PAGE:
Advertisement

Coarse Registration of Surface Patches with Local Symmetries

  • Joris Vanden Wyngaerd
  • Luc Van Gool
Conference paper
Part of the Lecture Notes in Computer Science book series (LNCS, volume 2351)

Abstract

Most 3D recording methods generate multiple partial reconstructions that must be integrated to form a complete model. The coarse registration step roughly aligns the parts with each other. Several methods for coarse registration have been developed that are based on matching points between different parts. These methods look for interest points and use a point signature that encodes the local surface geometry to find corresponding points. We developed a technique that is complementary to these methods. Local descriptions can fail or can be highly inefficient when the surfaces contain local symmetries. In stead of discarding these regions, we introduce a method that first uses the Gaussian image to detect planar, cylindrical and conical regions and uses this information to compute the rigid motion between the patches. For combining the information from multiple regions to a single solution, we use a a Hough space that accumulates votes for candidate transformations. Due to their symmetry, they update a subspace of parameter space in stead of a single bin. Experiments on real range data from different views of the same object show that the method can find the rigid motion to put the patches in the same coordinates system.

Keywords

Surface Registration Surface geometry Shape 

Preview

Unable to display preview. Download preview PDF.

Unable to display preview. Download preview PDF.

References

  1. 1.
    W.W. Adams and P. Loustaunau, An Introduction to Gröbner Bases, Graduate Studies in Mathematics, Vol. 3., American Mathematical Society, 1994Google Scholar
  2. 2.
    P. Besl, N. McKay, A method of registration of 3-D shapes, IEEE Trans. PAMI 12(2) pp. 239–256, 1992Google Scholar
  3. 3.
    R. M. Bolle and D. B. Cooper. On optimally combining pieces of information, with application to estimating 3-D complex-object position from range data. IEEE Trans. PAMI 8(5) pp. 619–638, 1986Google Scholar
  4. 4.
    P. Brou, Using the Gaussian Image to Find the Orientation of an Object, Int’l J. Robotics Research, vol. 3, pp. 89–125, 1983CrossRefGoogle Scholar
  5. 5.
    Y. Chen and G. Medioni, Object modeling by registration of multiple range images, Proc. Int. Conf. on Robotics and Automation, pp. 2724–2729, 1991Google Scholar
  6. 6.
    C.S. Chua and R. Jarvis, Point signatures: A new representation for 3D object recognition, Int. J. of Computer Vision, 25(1), pp. 63–85, 1997CrossRefGoogle Scholar
  7. 7.
    J. Feldmar and N. Ayache, Rigid, affine and locally affine registration of free-form surfaces, TR INRIA Epidaure, No. 2220, 1994Google Scholar
  8. 8.
    J. Feldmar, N. Ayache, and F. Betting, 3D-2D projective registration of free-form curves and surfaces, TR INRIA Epidaure, No. 2434, dec. 1994Google Scholar
  9. 9.
    H. Hebert, K. Ikeuchi, and H Delingette, A spherical representation for recognition of free-form surfaces, IEEE Trans. PAMI 17(7) pp. 681, 1995Google Scholar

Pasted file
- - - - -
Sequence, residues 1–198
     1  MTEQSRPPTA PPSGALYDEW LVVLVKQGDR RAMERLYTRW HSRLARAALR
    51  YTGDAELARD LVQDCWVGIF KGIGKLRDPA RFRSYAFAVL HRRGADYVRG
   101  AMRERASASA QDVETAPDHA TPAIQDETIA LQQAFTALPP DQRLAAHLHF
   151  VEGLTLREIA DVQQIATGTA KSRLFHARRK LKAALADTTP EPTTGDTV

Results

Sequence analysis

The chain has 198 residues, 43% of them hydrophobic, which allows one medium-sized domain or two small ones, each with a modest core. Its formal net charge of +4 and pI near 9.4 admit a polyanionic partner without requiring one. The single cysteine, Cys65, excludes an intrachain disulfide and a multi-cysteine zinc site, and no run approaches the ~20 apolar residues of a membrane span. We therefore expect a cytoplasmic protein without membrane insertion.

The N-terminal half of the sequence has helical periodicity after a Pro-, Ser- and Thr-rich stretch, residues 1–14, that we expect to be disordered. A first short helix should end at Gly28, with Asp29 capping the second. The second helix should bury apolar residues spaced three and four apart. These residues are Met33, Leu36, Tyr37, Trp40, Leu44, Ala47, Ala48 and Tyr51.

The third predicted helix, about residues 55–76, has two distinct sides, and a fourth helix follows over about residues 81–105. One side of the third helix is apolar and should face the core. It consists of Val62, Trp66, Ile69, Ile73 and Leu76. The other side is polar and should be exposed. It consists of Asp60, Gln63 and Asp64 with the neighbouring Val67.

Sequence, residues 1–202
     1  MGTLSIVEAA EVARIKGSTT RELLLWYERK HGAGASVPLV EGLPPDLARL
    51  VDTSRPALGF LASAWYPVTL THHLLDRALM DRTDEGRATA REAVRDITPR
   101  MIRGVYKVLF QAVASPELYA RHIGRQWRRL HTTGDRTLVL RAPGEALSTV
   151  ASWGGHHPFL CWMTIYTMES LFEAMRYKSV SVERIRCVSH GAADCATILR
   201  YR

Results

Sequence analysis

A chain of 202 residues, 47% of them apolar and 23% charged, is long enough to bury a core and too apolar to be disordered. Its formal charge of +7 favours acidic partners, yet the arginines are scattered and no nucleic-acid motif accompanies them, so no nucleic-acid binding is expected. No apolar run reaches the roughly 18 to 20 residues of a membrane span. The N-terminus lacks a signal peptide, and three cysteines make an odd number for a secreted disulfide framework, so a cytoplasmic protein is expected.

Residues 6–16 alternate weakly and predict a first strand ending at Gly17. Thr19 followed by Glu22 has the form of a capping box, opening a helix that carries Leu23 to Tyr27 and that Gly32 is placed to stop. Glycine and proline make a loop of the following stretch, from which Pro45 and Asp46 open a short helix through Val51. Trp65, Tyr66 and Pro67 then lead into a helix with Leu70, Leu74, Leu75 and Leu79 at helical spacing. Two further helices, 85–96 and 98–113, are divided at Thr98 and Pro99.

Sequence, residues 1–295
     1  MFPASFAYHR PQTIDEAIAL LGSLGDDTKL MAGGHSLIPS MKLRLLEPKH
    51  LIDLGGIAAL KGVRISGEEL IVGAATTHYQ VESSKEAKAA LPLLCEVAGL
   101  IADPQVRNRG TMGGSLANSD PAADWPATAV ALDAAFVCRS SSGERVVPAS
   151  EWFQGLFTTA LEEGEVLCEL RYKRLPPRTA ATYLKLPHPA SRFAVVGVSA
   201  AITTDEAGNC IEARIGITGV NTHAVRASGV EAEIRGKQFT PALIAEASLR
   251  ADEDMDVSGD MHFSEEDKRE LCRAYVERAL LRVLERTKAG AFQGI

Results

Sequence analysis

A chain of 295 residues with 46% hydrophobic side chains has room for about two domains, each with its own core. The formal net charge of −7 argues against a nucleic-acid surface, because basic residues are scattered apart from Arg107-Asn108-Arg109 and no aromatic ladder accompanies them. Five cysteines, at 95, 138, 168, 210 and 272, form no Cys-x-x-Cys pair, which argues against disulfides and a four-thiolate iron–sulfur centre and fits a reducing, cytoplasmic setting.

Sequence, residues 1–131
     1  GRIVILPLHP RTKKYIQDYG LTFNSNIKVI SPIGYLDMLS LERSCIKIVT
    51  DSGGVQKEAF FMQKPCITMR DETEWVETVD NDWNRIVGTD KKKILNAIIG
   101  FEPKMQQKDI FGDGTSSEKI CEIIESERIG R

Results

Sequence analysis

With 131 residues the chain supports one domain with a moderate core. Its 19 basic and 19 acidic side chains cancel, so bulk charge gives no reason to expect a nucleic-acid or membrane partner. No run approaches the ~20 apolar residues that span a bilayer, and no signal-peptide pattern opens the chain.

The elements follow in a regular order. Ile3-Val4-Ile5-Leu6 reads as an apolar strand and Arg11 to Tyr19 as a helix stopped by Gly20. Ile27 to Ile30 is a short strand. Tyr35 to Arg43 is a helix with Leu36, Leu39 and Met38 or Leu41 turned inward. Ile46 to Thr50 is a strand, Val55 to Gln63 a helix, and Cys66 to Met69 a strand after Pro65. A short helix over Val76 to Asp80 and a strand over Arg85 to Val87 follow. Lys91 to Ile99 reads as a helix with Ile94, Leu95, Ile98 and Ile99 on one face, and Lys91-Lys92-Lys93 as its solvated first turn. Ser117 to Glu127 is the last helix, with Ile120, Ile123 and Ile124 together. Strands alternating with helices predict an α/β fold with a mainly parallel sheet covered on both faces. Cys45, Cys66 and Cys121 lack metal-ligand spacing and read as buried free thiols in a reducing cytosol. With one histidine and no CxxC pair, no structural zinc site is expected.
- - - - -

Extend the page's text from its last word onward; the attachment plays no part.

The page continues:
10. 10.
    Berthold K.P. Horn (1987), Closed-form solution of absolute orientation using unit quaternions, Journal of the Optical Society of America A, 4:629–642CrossRefGoogle Scholar
  11. 11.
    K. Ikeuchi., Recognition of 3-D Objects Using the Extended Gaussian, Image. In Proc. of Seventh IJCAI, pages 595–600, 1981.Google Scholar
  12. 12.
    A. Johnson and M. Hebert, Recognizing objects by matching oriented points, Proc. Conf. Computer Vision and Pattern Recognition, 684–689, San Juan, 1997Google Scholar
  13. 13.
    S.B. Kang and K. Ikeuchi, 3-D Object Pose Determination Using Complex EGI, T.R. CMU-RI-TR-90-18, Robotics Institute, Carnegie Mellon University, 1990Google Scholar
  14. 14.
    Y. Liu and M.A. Rodrigues, Essential Representation and Calibration of Rigid Body Transformations, Machine Graphics and Vision Journal Vol 9 (2000).Google Scholar
  15. 15.
    A. P. Pentland, Perceptual Organizations And The Representation Of Natural Form, Artificial Intelligence, vol. 28, no. 2, pp. 293–331, 1986CrossRefMathSciNetGoogle Scholar
  16. 16.
    C. Sun, and J. Sherrah, 3-D Symmetry Detection Using The Extended Gaussian Image, IEEE Trans. PAMI 19(2) pp. 164–168, 1997Google Scholar
  17. 17.
    Tina Y. Tian and Mubarak Shah. Recovering 3d motion of multiple objects using adaptative hough transform. IEEE Trans. PAMI, 19(10):1178Google Scholar
  18. 18.
    Vanden Wyngaerd, J., Van Gool, L., Koch, R., Proesmans, M., 1999. Invariant-based registration of surface patches. Proc. International Conference on Computer Vision, IEEE Computer Society Press, pp. 301–306.Google Scholar
  19. 19.
    P. Viola and W. Wells, Alignment by maximisation of mutual information, Proc. Int. Conf. on Computer Vision, pp. 16–23, 1995Google Scholar
  20. 20.
    N. Werghi R.B. Fisher, A. Ashbrook and C. Robertson, Faithful Recovering of Quadric Surfaces from 3D Range Data, Proc. 2nd Int. Conf. on 3-D Digital Imaging and Modeling, Ottawa, Canada, pp 280–289, October 1999Google Scholar
  21. 21.
    S. Yamany and A. Farag, Free-form surface registration using surface signatures, Int. Conf. on Computer Vision, pp. 1098–1104, 1999Google Scholar

Copyright information

© Springer-Verlag Berlin Heidelberg 2002

Authors and Affiliations

  • Joris Vanden Wyngaerd
    • 1
  • Luc Van Gool
    • 1
    • 2
  1. 1.ESAT-PSIUniversity of LeuvenLeuvenBelgium
  2. 2.KommunikationstechnikETZZürichSwitzerland

Personalised recommendations